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US Senators Propose Amendments to Iran Bill
National

US Senators Propose Amendments to Iran Bill

A bill calling for the US Congress to have a say on an emerging nuclear agreement with Iran has turned into a tug of war on Capitol Hill, with Republicans trying to raise the bar so high that a final deal might be impossible and Democrats aiming to give the White House more room to negotiate with Tehran.
Senators of both parties are considering more than 50 amendments to a bill introduced by Senators Bob Corker and Bob Menendez, the Associated Press reported on Saturday.
The bill would restrict US President Barack Obama's ability to ease sanctions against Iran without congressional approval.
The Senate Foreign Relations Committee on Tuesday is to debate the amendments and vote on the bill, which has pitted the White House against the Republican-led Congress on a critical foreign policy issue that Obama wants etched in his legacy.
Obama administration officials, who are expected to continue lobbying lawmakers next week, do not want Congress to take any action before a final deal could be reached by the end of June. There is strong support, however, from lawmakers of both parties who think they should be able to weigh in on any agreement on Tehran's nuclear program. Iran says its nuclear work is solely for peaceful purposes, but the US and its allies claim Tehran may be seeking to develop a nuclear weapons capability under the guise of a civilian program.
There have been intense negotiations on Capitol Hill for the past several days about ways to amend the bill. Advocacy groups and congressional staffers provided details about amendments, which still might be withdrawn or rewritten.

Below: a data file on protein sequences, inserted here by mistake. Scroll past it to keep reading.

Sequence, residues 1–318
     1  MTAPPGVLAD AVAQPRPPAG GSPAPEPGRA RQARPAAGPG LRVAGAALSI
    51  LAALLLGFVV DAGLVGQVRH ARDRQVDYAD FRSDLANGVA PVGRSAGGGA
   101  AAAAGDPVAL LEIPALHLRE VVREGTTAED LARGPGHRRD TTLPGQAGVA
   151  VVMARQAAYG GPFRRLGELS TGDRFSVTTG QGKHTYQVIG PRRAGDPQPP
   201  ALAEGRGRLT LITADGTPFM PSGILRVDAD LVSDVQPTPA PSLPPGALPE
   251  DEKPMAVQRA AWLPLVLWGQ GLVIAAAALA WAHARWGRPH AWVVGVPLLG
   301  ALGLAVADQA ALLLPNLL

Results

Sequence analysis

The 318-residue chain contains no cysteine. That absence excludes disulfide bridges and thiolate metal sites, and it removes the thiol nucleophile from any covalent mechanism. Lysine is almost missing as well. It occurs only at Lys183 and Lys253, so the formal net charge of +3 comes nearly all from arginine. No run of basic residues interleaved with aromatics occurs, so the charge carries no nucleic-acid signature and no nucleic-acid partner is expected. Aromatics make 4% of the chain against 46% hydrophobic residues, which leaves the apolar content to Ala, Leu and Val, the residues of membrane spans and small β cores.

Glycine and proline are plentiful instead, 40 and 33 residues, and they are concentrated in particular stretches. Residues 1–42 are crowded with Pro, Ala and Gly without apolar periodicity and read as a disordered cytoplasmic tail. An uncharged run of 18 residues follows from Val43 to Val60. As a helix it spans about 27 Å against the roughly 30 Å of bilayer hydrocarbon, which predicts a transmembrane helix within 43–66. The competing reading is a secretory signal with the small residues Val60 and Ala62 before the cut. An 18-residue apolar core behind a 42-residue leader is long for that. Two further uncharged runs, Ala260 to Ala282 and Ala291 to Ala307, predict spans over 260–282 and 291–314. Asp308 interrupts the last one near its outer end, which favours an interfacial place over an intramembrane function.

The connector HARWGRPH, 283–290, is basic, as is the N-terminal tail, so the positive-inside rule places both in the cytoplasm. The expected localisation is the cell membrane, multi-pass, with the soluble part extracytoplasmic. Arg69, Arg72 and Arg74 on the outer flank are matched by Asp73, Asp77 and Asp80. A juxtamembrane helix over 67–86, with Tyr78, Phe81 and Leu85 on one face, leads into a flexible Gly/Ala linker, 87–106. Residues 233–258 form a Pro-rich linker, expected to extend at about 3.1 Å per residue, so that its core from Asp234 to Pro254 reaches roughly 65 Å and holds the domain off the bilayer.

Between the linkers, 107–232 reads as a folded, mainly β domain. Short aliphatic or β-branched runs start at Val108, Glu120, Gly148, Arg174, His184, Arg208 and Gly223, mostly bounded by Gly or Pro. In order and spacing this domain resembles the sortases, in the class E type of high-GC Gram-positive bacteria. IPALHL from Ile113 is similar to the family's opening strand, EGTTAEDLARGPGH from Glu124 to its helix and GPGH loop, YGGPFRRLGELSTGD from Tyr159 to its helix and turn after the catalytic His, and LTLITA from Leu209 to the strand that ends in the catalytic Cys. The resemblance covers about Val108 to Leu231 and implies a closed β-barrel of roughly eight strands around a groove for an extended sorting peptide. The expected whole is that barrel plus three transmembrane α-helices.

Under the bill as it is currently written, Obama could unilaterally lift or ease any sanctions that were imposed on Iran through presidential action. But the bill would prohibit him for 60 days from suspending, waiving or otherwise easing any sanctions Congress levied on Iran. During that 60-day period, Congress could hold hearings and approve, disapprove or take no action on any final nuclear agreement with Iran.
If Congress passed a joint resolution approving a final deal — or took no action — Obama could move ahead to ease sanctions levied by Congress. But if Congress passed a joint resolution disapproving it, Obama would be blocked from providing Iran with any relief from congressional sanctions.
In an effort to give the president more negotiating room, Senator Ben Cardin, the new ranking Democrat on the foreign relations committee, and a few of his Democratic colleagues have proposed letting Obama waive congressionally imposed sanctions if not doing so would cause the US to be in violation of a final agreement.
Several Democratic senators also have proposed shortening the congressional review period to 30 days or even 10 days that Congress is in session. Democrats also want to strike a part of the bill that requires the Obama administration to certify that Iran has not directly supported or carried out an act of terrorism against the United States or an American anywhere in the world.
  Tall Order
On the Republican side, Senator Marco Rubio, a likely presidential candidate, has proposed an amendment that would require the Obama administration to certify that Iran's leaders have publicly accepted Israel's right to exist. That's a tall order.
Dylan Williams, a lobbyist for the liberal Jewish group J Street, argues that Rubio's proposed amendment puts Republicans in a "lose-lose" position. Adopting the amendment would kill the Corker bill, Williams said, because many senators would vote against a provision they know the Iranians would never accept. Defeating the amendment, he said, would be seen as a slap at Israeli Prime Minister Benjamin Netanyahu, whom Republican leaders have strongly supported on the Iran nuclear matter.
Republican senators also are contemplating amendments that would require that any final agreement be a treaty. That's also a high hurdle because treaties must be approved by two-thirds of the Senate.

 

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